Edward Ruckheim Testifies He"
Gets Away From Trouble Hur
' riedly Even if f lace Is Quite
That discretion la the better nart tt
valorTls one of the fixed principles of
Professor Edward Ruckheim. a nlnlKt .
H has adapted the old adage so that
he says ltr -"He who fights and runs
away will . live . to run another day "
But, unlike Bob Acres. Ruckheim. ac
cording to his Own evidence, does not
wait until he feels his courage oottnr
out at his f lnger-tipa. - -
At the trial before a' jury' in Judge
Oantenbein'a department of 4he state
circuit court thia mornlna- ',f . r n
Learning, charged with assault and bat.
tery upon M. Ullnger, Ruckheim. testi
fied: i r
"When 'I saw there wu minr
trouble, I got out I ran.. Whn t
across the street I . stopped., held my
glasses up to my eyes jindlohkM hurt.
I saw that blows were still hein ...,.,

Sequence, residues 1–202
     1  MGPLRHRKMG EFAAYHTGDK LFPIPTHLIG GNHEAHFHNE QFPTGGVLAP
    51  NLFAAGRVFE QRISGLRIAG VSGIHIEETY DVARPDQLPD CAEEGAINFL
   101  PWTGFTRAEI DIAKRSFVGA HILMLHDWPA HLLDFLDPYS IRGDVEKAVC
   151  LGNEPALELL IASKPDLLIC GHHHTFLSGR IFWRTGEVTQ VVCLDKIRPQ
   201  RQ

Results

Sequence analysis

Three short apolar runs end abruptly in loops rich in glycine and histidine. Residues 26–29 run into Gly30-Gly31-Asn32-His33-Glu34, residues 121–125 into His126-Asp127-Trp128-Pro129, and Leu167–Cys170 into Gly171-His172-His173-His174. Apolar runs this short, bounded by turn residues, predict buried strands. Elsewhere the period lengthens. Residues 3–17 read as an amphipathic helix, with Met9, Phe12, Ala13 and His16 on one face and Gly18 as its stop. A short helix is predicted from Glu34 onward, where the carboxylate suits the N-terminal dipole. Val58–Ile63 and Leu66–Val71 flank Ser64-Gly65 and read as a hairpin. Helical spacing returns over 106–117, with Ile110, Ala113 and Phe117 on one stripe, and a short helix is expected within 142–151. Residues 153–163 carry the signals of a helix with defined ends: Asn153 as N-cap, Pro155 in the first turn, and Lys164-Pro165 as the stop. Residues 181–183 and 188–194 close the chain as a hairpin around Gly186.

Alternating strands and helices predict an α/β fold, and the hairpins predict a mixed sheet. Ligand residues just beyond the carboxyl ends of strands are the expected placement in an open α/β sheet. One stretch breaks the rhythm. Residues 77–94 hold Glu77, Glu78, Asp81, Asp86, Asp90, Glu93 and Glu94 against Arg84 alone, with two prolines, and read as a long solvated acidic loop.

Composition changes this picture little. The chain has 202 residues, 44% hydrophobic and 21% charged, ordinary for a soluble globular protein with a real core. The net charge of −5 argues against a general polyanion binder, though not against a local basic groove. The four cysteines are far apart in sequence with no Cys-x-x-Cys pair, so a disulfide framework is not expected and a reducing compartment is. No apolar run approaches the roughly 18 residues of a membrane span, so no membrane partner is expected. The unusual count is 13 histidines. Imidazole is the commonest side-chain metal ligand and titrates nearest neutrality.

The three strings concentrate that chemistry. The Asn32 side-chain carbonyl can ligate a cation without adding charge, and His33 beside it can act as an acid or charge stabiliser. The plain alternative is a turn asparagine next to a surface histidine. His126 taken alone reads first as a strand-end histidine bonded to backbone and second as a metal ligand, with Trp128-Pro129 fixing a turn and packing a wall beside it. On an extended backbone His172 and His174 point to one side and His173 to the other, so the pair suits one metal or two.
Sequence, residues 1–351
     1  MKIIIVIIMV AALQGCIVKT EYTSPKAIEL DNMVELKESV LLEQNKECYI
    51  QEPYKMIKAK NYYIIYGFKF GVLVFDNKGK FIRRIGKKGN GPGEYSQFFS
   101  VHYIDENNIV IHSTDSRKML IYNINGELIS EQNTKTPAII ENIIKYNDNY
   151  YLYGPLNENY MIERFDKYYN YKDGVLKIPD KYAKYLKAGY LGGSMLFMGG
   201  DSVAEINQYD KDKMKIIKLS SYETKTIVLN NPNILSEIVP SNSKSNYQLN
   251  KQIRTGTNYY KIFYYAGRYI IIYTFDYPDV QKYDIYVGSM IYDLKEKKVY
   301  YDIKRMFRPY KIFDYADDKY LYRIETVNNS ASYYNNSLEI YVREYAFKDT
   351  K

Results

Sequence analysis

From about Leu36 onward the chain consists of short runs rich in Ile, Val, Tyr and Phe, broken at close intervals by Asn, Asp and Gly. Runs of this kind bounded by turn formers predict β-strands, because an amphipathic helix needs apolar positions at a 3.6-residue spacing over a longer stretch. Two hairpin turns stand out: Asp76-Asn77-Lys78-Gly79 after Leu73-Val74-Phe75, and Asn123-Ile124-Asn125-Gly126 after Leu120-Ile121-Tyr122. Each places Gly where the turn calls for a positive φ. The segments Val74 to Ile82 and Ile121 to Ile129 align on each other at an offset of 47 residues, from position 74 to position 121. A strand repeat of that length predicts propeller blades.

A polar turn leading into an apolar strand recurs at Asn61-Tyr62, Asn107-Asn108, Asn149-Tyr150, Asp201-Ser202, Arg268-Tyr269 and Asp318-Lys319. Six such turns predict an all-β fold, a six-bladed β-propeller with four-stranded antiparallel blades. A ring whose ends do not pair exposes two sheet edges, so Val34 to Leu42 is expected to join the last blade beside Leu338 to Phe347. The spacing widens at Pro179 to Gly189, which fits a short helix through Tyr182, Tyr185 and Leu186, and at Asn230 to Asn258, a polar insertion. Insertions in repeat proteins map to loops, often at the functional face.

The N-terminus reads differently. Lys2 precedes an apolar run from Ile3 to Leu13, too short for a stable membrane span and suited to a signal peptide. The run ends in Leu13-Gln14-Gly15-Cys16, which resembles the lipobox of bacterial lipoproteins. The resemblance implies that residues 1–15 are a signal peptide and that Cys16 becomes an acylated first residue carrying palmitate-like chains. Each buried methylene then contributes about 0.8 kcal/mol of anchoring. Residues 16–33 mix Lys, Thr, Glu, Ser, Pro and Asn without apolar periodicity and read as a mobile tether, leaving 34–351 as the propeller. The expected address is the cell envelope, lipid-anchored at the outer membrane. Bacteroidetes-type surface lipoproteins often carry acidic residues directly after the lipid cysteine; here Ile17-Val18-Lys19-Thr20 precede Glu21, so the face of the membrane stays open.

and then I went some more. I did not
wait to put the giasana on, I just held
them up before my evea an I muh
Then I put them In my pocket and atart-
ed agamiv;..:--;;- ..
i. always run. Whenever anything
starts I get out, "If I hv' nni. .
much space to get ; through." , Here
Ruckheln, . hM nn hla ... . ...
inches apar, to indicate the Bias of the
aperture through which he can squeew
when anything Is started ;
-Ruckheim was aaked whether til hi n
ger, the assaulted man, had atruck at
Learning. He replied: ; , r
I don't remember. 1
fast" --,'.-:- l"
DiUlnger testified that h th -,' ( .. -
bf , April 6 he and Ruckheim went tni
viark restaurant, on Norrji
Sixth street,, to get somethinv ....
They began talking about ha v In t ,
overcharged at that place an! v
overheard by Learning, .the i.r..,.,-.
hUa. Ai.an.a- a . , 1
wuv uujTCimi io inpir remarks i,t) , .
dered them out Then, suit i;.; .
Learning sized a co-lgel, sn.l nn,
his head. PUltnger cauMit th ...
his arm, which- i ,rr,h.-t, i v r
The defense conten.ii t! t .,,--(
ger and Ritokh-!in -f i!h ,
teroua and ttec'.Mt i ? ,